"..These people make a harness that attaches to the canister which creates attachment points to tie or strap it to your pack.

https://www.simpleoutdoorstore.com/bearikade_harness.html

Seems like it might be annoying hanging out there loaded, especially when doing a crawl under ;)"

 Yea, not to mention pulling you backwards when standing upright.  Something as bulky and the mass of a food canister mandates being carried close to the back, either inside the pack, or lashed above or below the pack.  The simpleoutdoorstores harness can facilitate that purpose, but it is rather pricy for a few straps and buckles.  

I've made a couple of harnesses for this purpose:

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 Above:  I had the local shoe/luggage repair shop sew this up for me.  The food canister secured via nylon straps All straps adjust at their pack frame attachment points to accommodate different size containers.  The container is quickly loaded/unloaded via the side release buckles on the top straps.  Below: This harness is home made.   I resorted to using 3mm Dacron line for a much lighter version of the above harness.  The design is based on the pack horse diamond hitch.  There is a left and right side to the design.  A small but sturdy hook is used to join the two sides, and is the device that provides a quick way to secure/release the canister.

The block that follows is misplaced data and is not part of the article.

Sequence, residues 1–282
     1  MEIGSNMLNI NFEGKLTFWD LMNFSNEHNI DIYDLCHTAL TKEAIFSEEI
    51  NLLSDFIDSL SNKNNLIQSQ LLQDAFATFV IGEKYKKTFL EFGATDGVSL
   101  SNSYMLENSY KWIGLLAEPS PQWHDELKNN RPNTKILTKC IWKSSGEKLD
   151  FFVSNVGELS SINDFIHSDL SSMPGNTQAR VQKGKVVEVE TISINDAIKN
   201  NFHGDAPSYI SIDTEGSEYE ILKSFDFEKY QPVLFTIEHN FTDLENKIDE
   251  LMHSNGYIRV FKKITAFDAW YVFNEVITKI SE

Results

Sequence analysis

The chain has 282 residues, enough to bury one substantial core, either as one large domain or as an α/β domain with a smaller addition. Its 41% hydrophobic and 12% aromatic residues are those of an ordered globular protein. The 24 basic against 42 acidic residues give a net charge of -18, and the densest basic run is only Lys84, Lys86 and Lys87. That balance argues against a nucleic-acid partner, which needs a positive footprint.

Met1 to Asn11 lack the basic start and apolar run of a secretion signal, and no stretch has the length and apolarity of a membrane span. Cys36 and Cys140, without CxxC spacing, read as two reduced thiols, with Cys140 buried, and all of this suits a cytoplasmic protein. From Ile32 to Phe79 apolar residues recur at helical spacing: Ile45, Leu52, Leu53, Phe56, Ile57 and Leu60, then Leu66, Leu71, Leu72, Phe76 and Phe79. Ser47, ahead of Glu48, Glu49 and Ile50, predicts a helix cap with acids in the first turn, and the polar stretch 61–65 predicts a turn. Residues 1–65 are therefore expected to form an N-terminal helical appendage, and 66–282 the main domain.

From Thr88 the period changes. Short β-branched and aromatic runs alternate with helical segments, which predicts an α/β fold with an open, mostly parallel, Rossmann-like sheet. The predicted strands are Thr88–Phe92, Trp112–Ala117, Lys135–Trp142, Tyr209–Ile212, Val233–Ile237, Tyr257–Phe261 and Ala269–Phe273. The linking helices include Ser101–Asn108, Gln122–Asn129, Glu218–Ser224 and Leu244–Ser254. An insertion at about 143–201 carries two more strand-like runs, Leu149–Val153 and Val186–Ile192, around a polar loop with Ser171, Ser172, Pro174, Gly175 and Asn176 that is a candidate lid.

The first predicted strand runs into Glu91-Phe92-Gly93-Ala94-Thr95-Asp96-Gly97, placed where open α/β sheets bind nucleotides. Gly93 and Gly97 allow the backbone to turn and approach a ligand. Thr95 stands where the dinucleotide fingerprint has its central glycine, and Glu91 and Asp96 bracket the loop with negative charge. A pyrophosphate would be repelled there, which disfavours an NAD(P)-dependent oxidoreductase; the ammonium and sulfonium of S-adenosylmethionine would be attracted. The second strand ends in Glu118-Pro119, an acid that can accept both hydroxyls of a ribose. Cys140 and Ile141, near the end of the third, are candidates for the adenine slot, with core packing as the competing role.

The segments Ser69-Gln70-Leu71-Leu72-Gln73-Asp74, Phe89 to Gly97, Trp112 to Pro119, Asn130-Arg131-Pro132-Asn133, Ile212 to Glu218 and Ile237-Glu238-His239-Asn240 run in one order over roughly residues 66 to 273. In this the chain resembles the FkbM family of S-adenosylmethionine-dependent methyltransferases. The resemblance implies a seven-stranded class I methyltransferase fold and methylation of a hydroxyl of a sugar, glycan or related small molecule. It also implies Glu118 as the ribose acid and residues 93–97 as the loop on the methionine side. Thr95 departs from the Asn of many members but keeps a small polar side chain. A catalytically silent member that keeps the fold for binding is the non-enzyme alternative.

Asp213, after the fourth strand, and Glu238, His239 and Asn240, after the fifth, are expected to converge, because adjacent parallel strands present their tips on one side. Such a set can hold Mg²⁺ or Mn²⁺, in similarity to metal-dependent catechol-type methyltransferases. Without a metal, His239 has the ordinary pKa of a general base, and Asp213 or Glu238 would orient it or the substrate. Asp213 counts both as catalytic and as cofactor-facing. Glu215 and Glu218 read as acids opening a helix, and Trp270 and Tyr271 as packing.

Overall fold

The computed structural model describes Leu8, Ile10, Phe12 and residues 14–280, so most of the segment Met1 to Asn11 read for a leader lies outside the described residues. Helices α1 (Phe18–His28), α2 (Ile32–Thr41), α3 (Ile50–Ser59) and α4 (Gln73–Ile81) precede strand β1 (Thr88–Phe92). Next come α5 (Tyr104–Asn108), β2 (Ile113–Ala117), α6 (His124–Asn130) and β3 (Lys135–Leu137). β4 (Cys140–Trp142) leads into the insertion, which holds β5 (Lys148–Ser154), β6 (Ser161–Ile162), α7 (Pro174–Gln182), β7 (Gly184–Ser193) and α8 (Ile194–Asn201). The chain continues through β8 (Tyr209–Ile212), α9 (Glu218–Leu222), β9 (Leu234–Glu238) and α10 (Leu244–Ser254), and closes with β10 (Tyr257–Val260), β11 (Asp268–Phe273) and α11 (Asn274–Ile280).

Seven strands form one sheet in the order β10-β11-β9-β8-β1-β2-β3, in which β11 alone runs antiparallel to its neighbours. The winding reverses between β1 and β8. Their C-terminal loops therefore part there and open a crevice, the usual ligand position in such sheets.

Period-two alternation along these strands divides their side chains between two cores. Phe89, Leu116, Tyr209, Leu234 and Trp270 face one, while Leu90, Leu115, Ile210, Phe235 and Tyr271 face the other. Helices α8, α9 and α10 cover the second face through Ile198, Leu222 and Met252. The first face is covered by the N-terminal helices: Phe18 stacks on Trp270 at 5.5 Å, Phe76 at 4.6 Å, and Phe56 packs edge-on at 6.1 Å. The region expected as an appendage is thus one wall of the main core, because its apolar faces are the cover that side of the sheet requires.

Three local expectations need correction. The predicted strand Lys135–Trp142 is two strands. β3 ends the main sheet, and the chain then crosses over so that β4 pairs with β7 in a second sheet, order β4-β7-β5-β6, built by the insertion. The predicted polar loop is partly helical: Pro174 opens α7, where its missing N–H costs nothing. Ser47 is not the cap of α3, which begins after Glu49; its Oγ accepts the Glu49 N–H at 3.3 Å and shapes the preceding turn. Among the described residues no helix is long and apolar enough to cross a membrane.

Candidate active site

Ed-in-Le-Conte-Canyon-02.jpg
Barricade is secured beneath the pack sack with a 3mm cord diamond hitch lash.  Upper Le Conte Canyon in background; JMT

 

To be frank,  bear canisters have only been around I think since the early 1980's and they were specifically designed to keep out bears.  How these canisters were transported depended on what means one had to carry them.

In short,  you put it where ever you have room/space.  Sure placing it where a sleeping bag goes on your pack makes it easier on your back but now where does one put their sleeping bag.  Whether you have it inside your pack or on the outside or have a harness and shoulder strap to carry it like purse, it all comes down to your backpack or carrying preferences.

One thing that I would like to point out though

A bear's sense of smell is 7 times better than a blood hound's or 2,100 times better than a human's. -google search

Where ever you put it I do not advise putting it inside your pack. Bears can even smell canned foods. The scent of the food will permeate through your entire bag so despite you taking the canister out of your bag and placing it far away form camp, the aroma of the food will still be lingering in your pack.